The process of converting electrical energy into chemical energy and then concentrating it and making it suitable for further processing requires sophisticated control mechanisms. All the more so as Enapter has designed its electrolyzers in such a way that they can literally be stacked. The individual production cells are connected to form so-called stacks. These stacks are so compact that they can be stacked like shoe boxes in a rack similar to those in server rooms. This modularity is one of the recipes for success of the innovative approach, as it makes adaptation to situations on site more flexible than with comparable systems. Especially as the stacks are now manufactured on an industrial scale and in series production and have long since outgrown their technological infancy.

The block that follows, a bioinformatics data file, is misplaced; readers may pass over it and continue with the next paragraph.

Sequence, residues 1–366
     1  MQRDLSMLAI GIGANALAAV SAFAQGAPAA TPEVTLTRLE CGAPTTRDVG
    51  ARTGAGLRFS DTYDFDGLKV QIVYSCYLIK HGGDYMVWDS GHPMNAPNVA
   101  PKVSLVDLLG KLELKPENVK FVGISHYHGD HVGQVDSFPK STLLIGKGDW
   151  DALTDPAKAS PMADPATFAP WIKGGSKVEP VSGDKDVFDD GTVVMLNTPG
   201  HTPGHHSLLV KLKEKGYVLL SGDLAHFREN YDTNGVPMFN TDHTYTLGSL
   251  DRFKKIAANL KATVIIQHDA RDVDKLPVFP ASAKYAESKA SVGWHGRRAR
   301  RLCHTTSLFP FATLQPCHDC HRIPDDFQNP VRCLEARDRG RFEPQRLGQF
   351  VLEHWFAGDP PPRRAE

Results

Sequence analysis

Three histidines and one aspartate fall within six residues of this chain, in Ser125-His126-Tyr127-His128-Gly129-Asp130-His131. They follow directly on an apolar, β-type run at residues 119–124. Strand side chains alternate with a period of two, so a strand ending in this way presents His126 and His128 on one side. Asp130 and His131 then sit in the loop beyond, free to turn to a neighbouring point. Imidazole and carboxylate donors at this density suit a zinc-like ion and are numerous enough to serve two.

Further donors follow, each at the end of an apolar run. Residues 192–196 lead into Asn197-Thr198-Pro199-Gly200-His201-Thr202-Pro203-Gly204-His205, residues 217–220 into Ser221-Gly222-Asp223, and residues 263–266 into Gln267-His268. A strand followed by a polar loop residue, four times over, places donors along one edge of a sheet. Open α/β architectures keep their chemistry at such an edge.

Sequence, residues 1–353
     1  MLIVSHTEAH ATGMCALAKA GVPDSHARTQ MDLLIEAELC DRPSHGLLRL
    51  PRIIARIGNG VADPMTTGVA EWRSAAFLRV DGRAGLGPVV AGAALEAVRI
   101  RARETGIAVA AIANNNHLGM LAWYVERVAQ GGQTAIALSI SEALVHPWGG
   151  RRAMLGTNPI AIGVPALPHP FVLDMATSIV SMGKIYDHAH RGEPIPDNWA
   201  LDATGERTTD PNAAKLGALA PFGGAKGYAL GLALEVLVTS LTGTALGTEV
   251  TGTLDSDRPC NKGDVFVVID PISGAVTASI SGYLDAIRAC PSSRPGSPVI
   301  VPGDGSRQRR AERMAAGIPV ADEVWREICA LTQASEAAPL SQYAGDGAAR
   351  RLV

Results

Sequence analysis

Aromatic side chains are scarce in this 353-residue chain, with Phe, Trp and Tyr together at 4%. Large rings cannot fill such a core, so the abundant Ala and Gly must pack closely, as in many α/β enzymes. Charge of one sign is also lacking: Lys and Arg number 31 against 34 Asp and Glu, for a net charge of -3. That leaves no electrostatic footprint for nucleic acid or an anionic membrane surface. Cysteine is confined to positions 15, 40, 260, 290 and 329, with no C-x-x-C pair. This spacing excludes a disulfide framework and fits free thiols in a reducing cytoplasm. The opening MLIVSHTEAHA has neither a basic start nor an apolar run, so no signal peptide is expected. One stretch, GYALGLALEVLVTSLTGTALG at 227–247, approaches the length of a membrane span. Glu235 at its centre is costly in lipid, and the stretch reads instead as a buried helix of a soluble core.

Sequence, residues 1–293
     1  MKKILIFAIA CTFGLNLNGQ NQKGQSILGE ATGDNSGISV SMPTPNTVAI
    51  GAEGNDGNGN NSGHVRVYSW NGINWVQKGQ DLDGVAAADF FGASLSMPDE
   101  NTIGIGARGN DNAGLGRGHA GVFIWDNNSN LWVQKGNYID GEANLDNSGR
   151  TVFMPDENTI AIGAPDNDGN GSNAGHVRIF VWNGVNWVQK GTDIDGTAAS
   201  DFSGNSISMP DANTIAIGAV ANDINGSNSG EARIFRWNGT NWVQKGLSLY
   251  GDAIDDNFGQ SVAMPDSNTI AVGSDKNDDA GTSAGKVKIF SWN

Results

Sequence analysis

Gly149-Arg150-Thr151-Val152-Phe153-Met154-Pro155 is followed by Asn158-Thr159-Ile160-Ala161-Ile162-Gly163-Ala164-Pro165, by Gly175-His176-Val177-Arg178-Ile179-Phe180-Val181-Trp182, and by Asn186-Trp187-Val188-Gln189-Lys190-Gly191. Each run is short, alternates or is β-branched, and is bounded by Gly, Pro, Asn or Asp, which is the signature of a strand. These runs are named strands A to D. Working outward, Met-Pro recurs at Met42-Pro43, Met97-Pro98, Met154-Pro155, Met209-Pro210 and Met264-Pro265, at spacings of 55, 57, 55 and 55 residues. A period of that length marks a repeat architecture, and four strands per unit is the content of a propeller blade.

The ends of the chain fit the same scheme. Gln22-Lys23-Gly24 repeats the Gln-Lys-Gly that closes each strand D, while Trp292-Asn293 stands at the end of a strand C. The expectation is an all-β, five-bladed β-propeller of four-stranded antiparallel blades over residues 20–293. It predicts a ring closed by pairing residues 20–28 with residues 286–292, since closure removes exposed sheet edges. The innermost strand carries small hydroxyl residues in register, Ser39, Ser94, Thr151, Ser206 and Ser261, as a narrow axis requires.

The megawatt electrolyzer itself also relies on the box principle. It is housed in containers. The “AEM Multicore 450” now presented contains 420 AEM stacks, each with an output of 2.4 kW. Up to 450 kilograms of hydrogen can be produced per day in the assembled container. However, the stacked stacks alone are not enough. The container also houses a power supply that is active both during operation and during downtime. This is because electricity from renewable sources should only be supplied when it is not needed elsewhere, i.e. when it is being fed into the grid. Otherwise, the electrolyzer remains on standby. The AEM electrolyzer must be able to withstand these fluctuations in production times.